- Invest in quality sleeping gear—a comfortable sleeping bag, air mattress or regular mattress is a must. If you’re sleeping on the ground, find a spot where it’s not too hard or lumpy—or too cold or hot. When you get to your campsite, be sure to set up your bed right away so it can have time to decompress and provide better comfort.
- Consider an inflatable camping pillow to keep your neck and head happy.
- Be as prepared as you can be to deal with weather conditions. Check the forecasts ahead of time—and take precautionary measures for unexpected rain, heavy winds, or extreme heat.
- Don’t forget to pack the necessary insect repellents or bug nets—mosquitos make poor bedfellows.
- If you’re light-sensitive or like to “sleep in” an eye mask can be a lifesaver and takes up little space in your kit.
- Make sure to use up excess energy during the day so your body’s tired enough to fall asleep at night.
- Staying hydrated during the day will also help you sleep easier at night.
- Junk food and alcoholic beverages are not sleep friendly and can create indigestion and other sleep issues. Eating sleep-promoting foods and cutting alcohol off a few hours before sleep time will help you fall asleep easier and get better quality sleep.
- Finally, before you snuggle into your sleep space, make sure to relieve your bladder.
Being even slightly dehydrated can lead to insufficient sleep. Be mindful of sipping on liquids during the day to avoid leg cramps when you're trying to get your ZZs at night.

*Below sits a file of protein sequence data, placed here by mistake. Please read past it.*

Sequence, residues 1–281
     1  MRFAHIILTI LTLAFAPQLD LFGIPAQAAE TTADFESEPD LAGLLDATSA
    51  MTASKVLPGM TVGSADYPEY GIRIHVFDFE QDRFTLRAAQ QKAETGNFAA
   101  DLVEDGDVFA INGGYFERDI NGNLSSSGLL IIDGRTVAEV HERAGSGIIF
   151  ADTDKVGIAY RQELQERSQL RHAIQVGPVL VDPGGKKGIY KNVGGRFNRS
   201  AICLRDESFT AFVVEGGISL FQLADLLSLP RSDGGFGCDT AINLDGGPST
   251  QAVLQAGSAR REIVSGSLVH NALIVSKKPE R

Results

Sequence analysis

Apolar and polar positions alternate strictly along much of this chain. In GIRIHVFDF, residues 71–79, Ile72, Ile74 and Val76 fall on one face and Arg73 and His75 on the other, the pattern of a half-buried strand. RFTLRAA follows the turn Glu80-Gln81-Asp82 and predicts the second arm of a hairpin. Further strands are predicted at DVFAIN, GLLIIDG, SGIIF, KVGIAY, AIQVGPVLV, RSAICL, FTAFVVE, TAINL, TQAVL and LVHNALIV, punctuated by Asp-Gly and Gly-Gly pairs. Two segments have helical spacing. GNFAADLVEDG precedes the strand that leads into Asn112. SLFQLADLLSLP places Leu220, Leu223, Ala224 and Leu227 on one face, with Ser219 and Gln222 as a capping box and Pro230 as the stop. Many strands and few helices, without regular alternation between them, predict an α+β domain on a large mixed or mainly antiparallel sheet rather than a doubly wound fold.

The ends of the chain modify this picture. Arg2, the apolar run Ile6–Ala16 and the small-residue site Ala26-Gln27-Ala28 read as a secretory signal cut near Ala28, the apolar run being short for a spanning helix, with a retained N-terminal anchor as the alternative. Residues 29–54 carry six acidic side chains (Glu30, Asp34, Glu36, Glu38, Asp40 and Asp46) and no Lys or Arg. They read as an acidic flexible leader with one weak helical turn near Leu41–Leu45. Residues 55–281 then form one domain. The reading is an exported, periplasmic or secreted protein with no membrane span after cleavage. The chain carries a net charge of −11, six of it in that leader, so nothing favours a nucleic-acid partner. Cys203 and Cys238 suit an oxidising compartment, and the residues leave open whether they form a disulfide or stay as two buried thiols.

Calming your anxiety for better sleep
Trouble sleeping is one of the most common symptoms of anxiety and your campsite’s inherent sleep challenges can easily cause anxious moments—it can become an unhealthy cycle. Here’s what you may experience:
- Inability to fall asleep quickly
- Feeling fatigued while awake
- Anxious thoughts that wake you
- Ruminating on the negative
- Disturbing dreams
For most, if not all of us, sleeping in the great outdoors is vastly different from sleeping at home. Different sounds, different smells—not necessarily unpleasant but just not familiar. For many, just sleeping in a different environment creates feelings of anxiety.
You may feel uneasy sleeping so close to so many strangers, or knowing there are wild animals wandering about. Sleeping in an RV trailer may feel too claustrophobic, detoxing from your digital devices may have you on edge… Or maybe you simply cannot sleep without your favorite pillow or blanket. Bringing along a little piece of home may help ease your anxiety.
Pack Pink Noise for your next camping trip
Unlike the cicadas, our proprietary pink noise has been referred to as lullaby-esque. SoundOff users say it lulls them to sleep—and that’s backed by science. Studies have shown pink noise relaxes the brain and can help you get more “deep sleep”—and that’s going to set you up for happier days on the camping trail.
Be prepared for a greater camping experience with SoundOff earbuds. They block out all disruptive sounds—including the worrisome mind-chatter that's keeping you awake. Try them risk-free for 30 nights—You’ll love what you can’t hear!
Join us next week for more tips for better sleep under the stars!
Until then, sleep well and be well. And check out this article to make sure you have all the details for picking the best campsite.